Public Goods: Causes of market failure and Corrective Measure by Government
- A public good is a special type of good that can be consumed by everyone, regardless of whether they paid for the goods.
- Public goods are a commodity or service that is provided without profit to all members of a society, either by the government or by a private individual or organization.
- For example, public goods include street lighting/lighthouse protection, national and domestic security i.e. national defence and police services, public health, flood defence system, public parks and beaches, education, road, etc.
Characteristics of Public goods
- Non-rivalry: where the consumption of goods and services by one person, will not prevent others from enjoying it. For example, if one person takes Vitamin D from the sun, it would not reduce the availability of Vitamin D for others, television signal, etc.
- Non-excludability: Public goods that cannot exclude a person or group of persons from consuming them who are not willing to pay (taxes). One cannot refuse anyone to consume public goods. For example Roads, Air, etc. For example, a public road allows practically everyone to use it.
Explain the term Market Failure? What are the causes of Market Failure?
Market failure is the economic situation defined by an inefficient distribution of goods and services in the free market.
Causes of Market Failure
- Public Goods: A public good is one whose consumption or use by one individual does not reduce the amount available for others. An example of a public good is water which is available to one person and is also available to others without any additional cost. It is non-excludable if it can be consumed by anyone. It is non-rivalrous if no one has exclusive rights over its consumption. Its benefits can be provided to an additional consumer at zero marginal cost. Thus public goods are both non-excludable and non-rivalrous. Moreover, environmental quality is generally considered as a public good and when it is valued at market price, it leads to market failure.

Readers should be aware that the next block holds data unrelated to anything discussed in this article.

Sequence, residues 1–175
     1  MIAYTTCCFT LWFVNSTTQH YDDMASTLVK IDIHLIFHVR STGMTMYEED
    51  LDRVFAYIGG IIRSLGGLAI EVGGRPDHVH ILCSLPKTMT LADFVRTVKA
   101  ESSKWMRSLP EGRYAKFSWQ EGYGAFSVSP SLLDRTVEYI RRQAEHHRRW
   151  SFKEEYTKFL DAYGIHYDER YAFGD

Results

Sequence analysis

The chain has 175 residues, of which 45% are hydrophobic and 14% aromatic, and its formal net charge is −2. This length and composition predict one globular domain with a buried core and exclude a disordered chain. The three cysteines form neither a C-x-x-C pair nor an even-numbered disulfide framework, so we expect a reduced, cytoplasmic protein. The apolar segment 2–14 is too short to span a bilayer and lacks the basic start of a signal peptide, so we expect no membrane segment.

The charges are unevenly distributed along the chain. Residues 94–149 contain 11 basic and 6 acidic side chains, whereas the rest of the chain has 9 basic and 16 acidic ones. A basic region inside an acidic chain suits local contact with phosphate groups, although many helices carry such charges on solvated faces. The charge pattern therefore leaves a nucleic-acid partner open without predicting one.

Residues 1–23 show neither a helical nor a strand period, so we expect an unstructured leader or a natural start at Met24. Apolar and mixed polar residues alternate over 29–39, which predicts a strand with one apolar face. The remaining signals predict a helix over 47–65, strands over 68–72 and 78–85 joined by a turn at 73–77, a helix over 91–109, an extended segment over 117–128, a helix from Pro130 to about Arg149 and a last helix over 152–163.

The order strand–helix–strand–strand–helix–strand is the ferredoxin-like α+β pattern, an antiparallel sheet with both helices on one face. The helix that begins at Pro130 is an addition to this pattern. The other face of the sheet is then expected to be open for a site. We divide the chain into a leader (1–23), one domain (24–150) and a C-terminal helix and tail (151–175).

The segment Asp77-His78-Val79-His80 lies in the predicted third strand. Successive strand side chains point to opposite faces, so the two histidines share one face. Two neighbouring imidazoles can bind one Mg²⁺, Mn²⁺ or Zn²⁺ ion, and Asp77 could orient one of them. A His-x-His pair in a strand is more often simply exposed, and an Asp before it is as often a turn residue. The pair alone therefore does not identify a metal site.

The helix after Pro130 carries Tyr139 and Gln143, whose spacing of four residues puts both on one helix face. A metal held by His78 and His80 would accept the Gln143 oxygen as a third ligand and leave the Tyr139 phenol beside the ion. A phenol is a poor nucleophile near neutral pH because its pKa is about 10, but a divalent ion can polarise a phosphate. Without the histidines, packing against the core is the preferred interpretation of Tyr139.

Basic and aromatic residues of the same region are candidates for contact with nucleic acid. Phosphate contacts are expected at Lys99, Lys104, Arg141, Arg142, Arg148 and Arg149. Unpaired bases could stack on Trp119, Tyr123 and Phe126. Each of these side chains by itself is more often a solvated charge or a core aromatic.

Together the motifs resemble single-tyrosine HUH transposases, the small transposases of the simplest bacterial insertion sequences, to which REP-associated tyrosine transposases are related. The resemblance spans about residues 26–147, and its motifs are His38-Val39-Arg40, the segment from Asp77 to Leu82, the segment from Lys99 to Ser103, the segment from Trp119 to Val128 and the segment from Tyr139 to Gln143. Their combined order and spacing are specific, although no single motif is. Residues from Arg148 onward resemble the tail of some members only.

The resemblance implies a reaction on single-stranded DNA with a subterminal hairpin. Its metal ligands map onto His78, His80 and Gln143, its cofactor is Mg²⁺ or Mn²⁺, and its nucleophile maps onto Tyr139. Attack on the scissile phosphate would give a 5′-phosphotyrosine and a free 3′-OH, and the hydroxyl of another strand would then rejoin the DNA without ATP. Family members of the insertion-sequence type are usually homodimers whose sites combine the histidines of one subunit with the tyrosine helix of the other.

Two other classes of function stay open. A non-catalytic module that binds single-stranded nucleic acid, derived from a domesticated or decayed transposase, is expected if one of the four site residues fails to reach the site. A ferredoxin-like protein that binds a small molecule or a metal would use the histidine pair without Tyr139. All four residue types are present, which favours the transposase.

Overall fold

- Externalities: It arises when one person’s actions affect another person’s well-being, and the relevant costs and benefits are not reflected in market prices. A positive externality leads to producing a smaller quantity than is socially desirable. For example, if an entrepreneur stages a fireworks show, people can watch the shows from their windows. Because the entrepreneur cannot charge a fee and the fireworks show may go unproductive. A negative externality arises when one person’s actions harm another. When polluting, factory owners may not consider the costs that pollution imposes on others.